Today the Alliance for Lobbying Transparency and Ethics Regulation (ALTER-EU) launched a campaign called Politics for People that asks candidates for the European Parliament to pledge to stand up to secretive industry lobbyists and to advocate for transparency. The Politics for People website connects voters with information about their MEP candidates and encourages them to reach out on Facebook, Twitter or by email to ask them to sign the pledge.

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monday >

Security Agencies Given Full Access to Telecom Data Even Though "All Lebanese Can Not Be Suspects"

In late March, Lebanese government ministers granted security agencies unrestricted access to telecommunications data in spite of some ministers objections that it violates privacy rights. Global Voices reports that the policy violates Lebanon's existing surveillance and privacy law, Law 140, but has gotten little coverage from the country's mainstream media.

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friday >

In Google Hangout, NYC Mayor de Blasio Talks Tech and Outer Borough Potential

New York City Mayor Bill de Blasio followed the lead of President Obama and New York City Council member Ben Kallos Friday by participating in a Google Hangout to help mark his first 100 days in office, in which the conversation focused on expanding access to technology opportunities through education and ensuring that the needs of the so-called "outer boroughs" aren't overlooked. GO

thursday >

In Pakistan, A Hypocritical Gov't Ignores Calls To End YouTube Ban

YouTube has been blocked in Pakistan by executive order since September 2012, after the “blasphemous” video Innocence of Muslims started riots in the Middle East. Since then, civil society organizations and Internet rights advocacy groups like Bolo Bhi and Bytes for All have been working to lift the ban. Last August the return of YouTube seemed imminent—the then-new IT Minister Anusha Rehman spoke optimistically and her party, which had won the majority a few months before, was said to be “seriously contemplating” ending the ban. And yet since then, Rehman and her party, the conservative Pakistan Muslim League (PML-N), have done everything in their power to maintain the status quo.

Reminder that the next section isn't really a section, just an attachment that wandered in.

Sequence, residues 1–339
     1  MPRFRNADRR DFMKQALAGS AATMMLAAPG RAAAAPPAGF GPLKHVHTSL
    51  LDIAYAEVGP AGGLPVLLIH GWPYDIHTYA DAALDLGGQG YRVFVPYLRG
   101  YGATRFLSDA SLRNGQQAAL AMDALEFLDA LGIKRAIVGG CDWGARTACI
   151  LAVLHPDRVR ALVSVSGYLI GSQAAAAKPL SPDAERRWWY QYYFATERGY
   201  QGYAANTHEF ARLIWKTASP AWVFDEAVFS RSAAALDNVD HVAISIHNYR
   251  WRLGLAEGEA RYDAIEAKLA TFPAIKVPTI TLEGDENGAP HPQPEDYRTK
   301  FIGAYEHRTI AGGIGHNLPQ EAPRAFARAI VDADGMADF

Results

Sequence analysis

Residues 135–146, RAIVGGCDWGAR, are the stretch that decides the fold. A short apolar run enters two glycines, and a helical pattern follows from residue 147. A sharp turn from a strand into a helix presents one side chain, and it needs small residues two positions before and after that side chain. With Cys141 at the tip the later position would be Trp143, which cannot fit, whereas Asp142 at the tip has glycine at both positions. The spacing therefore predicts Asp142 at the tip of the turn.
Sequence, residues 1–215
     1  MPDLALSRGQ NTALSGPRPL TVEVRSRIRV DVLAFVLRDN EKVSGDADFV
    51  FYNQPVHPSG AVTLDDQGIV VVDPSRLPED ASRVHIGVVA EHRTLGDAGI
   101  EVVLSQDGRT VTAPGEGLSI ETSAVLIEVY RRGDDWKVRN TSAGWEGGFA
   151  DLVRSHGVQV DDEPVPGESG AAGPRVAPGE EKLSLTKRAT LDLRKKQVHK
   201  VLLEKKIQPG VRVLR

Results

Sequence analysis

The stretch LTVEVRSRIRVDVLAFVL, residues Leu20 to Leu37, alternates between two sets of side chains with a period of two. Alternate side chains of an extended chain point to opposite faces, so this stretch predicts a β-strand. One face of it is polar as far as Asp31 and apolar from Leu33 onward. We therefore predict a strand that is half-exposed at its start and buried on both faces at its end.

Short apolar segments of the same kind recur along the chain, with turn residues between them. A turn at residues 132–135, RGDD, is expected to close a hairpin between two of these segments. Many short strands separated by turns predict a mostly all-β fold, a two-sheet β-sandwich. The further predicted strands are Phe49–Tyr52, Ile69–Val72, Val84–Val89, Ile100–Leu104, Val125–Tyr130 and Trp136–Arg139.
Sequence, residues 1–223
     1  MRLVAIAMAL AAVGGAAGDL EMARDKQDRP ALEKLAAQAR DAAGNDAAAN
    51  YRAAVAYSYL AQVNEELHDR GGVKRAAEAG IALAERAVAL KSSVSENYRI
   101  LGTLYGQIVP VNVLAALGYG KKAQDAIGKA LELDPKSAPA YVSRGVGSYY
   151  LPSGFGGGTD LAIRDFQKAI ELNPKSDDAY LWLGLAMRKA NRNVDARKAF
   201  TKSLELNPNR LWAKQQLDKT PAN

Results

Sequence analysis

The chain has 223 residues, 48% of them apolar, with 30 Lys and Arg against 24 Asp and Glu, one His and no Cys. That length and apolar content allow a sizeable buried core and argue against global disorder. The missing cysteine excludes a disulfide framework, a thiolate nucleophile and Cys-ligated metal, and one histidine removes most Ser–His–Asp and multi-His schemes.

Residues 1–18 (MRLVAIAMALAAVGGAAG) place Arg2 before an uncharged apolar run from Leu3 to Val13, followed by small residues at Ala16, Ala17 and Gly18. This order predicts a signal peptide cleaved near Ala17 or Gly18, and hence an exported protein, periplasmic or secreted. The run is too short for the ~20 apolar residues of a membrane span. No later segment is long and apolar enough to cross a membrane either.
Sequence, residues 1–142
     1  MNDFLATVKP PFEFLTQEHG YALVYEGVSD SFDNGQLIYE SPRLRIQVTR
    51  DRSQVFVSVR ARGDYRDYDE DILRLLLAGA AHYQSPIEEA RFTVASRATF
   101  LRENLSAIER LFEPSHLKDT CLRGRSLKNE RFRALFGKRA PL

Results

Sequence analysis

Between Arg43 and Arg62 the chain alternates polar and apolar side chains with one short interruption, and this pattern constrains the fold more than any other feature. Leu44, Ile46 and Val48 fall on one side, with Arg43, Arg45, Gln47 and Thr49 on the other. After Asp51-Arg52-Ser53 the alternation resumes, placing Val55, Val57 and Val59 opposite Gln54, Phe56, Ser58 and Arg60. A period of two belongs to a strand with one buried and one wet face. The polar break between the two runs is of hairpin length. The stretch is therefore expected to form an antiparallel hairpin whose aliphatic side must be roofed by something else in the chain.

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The #NotABugSplat Campaign Aims to Give Drone Operators Pause Before They Strike

In the #NotABugSplat campaign that launched this week, a group of American, French and Pakistani artists sought to raise awareness of the effects of drone strikes by placing a field-sized image of a young girl, orphaned when a drone strike killed her family, in a heavily targeted region of Pakistan’s Khyber-Pakhtunkhwa Province. Its giant size is visible to those who operate drone strikes as well as in satellite imagery. GO

Boston and Cambridge Move Towards More Open Data

The Boston City Council is now considering an ordinance which would require Boston city agencies and departments to make government data available online using open standards. Boston City Councilor At Large Michelle Wu, who introduced the legislation Wednesday, officially announced her proposal Monday, the same day Boston Mayor Martin Walsh issued an executive order establishing an open data policy under which all city departments are directed to publish appropriate data sets under established accessibility, API and format standards. GO

YouTube Still Blocked In Turkey, Even After Courts Rule It Violates Human Rights, Infringes on Free Speech

Reuters reports that even after a Turkish court ruled to lift the ban on YouTube, Turkey's telecommunications companies continue to block the video sharing site.

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wednesday >

Everything You Need to Know About Social Media and India's General Election

The biggest democratic election in the world to date is taking place in India from April 7 to May 14, and, for the first time in India, the results might hinge on who runs a better social media campaign. The Mumbai research firm Iris Knowledge Foundation has said that Facebook will “wield a tremendous influence” but Indian politicians are not limiting their attentions to India's most popular social media platform. In addition to virtual campaigning are initiatives to inform, educate and encourage Indians to participate in their democracy.

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EU Court Rejects Data Retention Law, But Data Retention Won't End Overnight

The European Court of Justice in Luxembourg struck down a data retention law Tuesday that required telecoms to keep customers' communications data for up to two years, declaring it violated privacy rights. However, experts warn that the ruling will have no automatic effect on relevant laws in member states, which could lead to “messy consequences.”